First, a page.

As Premiers prepare to meet in Victoria, civil society comes together to protect public health care

Protection of our public health care system always ranks as Canadians’ number one concern. It reflects deep Canadian values of fairness and accessibility in the provision of basic services that we all need. I hear all the time from people who are very worried about what the Conservative government is up to when it comes to health care.

This week, Victoria will host the Premiers’ conference on health care. But their meeting has already been undermined by the federal Finance Minister’s unilateral declaration on future federal funding for health care, when the current Health Accord runs out in 2014.

Last week, the Parliamentary Budget Office indicated in a report that the government’s new formula will reduce the proportion of federal funding to health care. This leaves the provinces holding the bag and will cause enormous pressure in the long run on the provision of vitally needed services.

It's becoming increasingly clear that the federal government is backing out of its role; abdicating any federal leadership on an issue critical to Canadians.

This is a disastrous course and will undermine the Canada Health Act. And on a financial level, contrary to Minister’s assertions, this is a rotten deal for the provinces, as evidenced by the PBO report.

The federal government's inaction on much needed reforms that were included in the current health accords is another indication of failed federal leadership.

Our current health system is designed to provide health care services according to the needs of Canadians. The Conservatives are saying that services will be provided according to the amount of money budgeted.

With this perspective, the Harper government is removing itself as a partner in improving Medicare and stepping away from the Canada Health Act. This hands-off approach will make our system weaker and will lead to greater medical privatization across the country.

After investing over $160 billion federally, in health care, many of the reforms included in the 2003-2004 health accords have seen little or even no improvement under the Conservative government.

Canadians have a hard time knowing if they are actually getting value for money when it comes to health care because there has been virtually no accountability.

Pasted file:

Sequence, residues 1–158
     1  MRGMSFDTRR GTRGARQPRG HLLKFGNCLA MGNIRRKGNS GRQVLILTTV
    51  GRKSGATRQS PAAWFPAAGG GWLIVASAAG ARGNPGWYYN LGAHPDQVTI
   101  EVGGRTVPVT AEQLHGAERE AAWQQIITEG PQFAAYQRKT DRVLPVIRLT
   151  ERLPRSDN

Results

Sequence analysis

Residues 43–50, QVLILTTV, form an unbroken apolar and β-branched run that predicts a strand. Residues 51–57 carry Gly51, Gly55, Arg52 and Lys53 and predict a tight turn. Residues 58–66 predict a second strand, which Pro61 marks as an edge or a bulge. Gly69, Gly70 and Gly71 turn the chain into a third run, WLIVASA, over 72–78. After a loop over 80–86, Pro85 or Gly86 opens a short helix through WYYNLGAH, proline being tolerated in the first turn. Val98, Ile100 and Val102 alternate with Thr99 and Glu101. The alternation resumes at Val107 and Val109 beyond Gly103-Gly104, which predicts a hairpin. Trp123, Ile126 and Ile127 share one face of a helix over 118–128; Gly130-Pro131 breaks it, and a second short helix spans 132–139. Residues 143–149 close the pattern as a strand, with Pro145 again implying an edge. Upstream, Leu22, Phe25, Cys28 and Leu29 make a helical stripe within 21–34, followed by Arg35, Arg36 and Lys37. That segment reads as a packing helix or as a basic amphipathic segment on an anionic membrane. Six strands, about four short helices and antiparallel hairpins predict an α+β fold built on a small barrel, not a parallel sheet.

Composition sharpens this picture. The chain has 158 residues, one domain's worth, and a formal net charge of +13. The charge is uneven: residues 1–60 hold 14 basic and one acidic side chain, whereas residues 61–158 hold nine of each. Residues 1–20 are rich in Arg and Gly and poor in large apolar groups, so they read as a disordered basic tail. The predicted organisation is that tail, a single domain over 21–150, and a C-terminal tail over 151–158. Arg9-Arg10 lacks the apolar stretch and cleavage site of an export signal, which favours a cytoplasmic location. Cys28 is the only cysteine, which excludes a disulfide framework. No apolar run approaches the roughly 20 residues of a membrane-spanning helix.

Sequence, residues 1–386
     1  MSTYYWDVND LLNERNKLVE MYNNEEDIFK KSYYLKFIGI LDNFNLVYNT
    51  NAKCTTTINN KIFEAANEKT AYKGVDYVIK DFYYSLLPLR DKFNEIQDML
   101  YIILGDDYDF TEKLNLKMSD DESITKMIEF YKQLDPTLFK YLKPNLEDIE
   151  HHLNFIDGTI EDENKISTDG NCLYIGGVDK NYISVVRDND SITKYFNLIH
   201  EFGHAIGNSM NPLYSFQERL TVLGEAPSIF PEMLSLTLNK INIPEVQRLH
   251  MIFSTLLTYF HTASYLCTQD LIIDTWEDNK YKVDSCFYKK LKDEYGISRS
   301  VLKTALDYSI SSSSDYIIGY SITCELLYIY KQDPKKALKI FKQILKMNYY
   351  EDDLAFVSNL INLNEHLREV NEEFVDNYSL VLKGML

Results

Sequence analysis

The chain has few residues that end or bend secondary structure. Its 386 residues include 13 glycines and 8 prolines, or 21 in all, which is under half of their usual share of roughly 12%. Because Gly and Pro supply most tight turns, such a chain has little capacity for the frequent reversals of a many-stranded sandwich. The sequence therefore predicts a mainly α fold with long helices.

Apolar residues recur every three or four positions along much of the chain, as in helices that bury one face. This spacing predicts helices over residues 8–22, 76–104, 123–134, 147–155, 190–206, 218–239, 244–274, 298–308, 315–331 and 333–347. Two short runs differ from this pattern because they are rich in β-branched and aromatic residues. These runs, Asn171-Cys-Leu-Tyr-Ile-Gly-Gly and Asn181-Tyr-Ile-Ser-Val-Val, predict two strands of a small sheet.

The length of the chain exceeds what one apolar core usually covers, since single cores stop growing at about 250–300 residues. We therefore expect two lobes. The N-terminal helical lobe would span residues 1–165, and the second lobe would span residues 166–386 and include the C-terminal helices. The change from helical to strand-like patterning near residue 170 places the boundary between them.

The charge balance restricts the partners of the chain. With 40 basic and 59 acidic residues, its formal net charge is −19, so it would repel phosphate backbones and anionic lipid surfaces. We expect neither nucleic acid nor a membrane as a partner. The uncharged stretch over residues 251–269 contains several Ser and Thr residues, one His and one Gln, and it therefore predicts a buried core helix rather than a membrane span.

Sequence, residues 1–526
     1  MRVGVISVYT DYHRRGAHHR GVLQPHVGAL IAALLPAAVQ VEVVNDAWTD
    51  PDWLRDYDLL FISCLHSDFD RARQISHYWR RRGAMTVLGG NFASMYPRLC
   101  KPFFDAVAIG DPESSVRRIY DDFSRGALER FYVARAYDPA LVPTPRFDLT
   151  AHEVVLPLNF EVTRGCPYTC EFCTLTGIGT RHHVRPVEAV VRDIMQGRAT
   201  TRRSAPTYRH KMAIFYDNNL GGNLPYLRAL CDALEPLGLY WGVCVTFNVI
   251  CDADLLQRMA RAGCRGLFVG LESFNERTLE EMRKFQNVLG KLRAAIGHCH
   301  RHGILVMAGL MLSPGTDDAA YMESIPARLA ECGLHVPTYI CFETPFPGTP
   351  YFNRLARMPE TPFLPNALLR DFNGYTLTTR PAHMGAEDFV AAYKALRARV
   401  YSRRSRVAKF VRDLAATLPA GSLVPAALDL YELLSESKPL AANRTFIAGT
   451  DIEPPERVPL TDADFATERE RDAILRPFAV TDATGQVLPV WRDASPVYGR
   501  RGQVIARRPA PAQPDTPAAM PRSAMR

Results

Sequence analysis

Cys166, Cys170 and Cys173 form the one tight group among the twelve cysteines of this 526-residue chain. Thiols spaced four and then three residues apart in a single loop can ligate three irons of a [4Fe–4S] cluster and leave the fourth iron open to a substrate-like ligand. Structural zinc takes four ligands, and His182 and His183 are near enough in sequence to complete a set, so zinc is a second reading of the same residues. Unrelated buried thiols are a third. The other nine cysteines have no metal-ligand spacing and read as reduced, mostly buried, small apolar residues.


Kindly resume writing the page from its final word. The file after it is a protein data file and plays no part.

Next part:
The Advisory Committee on Governance and Accountability was supposed to help governments be accountable to the public, but it no longer exists.

All of this means we have to be very concerned and vigilant about sustaining our public health care system and making sure it meets the needs of Canadians today; including prescription drug coverage, long-term care, and home care. These are necessary programs and services that should be part of our public system.

Instead, the Conservatives are further setting the stage for private, for profit interests to move in and undermine the future of health care access and efficiency. A sustainable, health care system depends on more, not less, public coverage.

In Victoria this weekend, the federal NDP hosted a lively dialogue and roundtable discussion with key NGOs and Medicare advocates. There is a wealth of experience and knowledge in the community and we must draw on our common vision for an accessible and fair Medicare system that Canadians can reply on.

The public interest needs to be heard by the Premiers to make it clear that our public health care system must not be undermined.

We must break the myths that our public health care system is not sustainable. We must demand better, and ensure that the commitments made in the 2003/04 Health Accords are lived up to by both the provinces and the federal government.

We need to work together to take on the challenges that our system faces. I hope all of us can do what we can to ensure one of the most important elements of our Canadian identity remains a strong one.

Check out Libby's conversation with the Council of Canadians' Maude Barlow, as they discuss the importance of the Premiers' conference and the fight to sustain our public health care system:

This Blog Entry was posted on January 15, 2012
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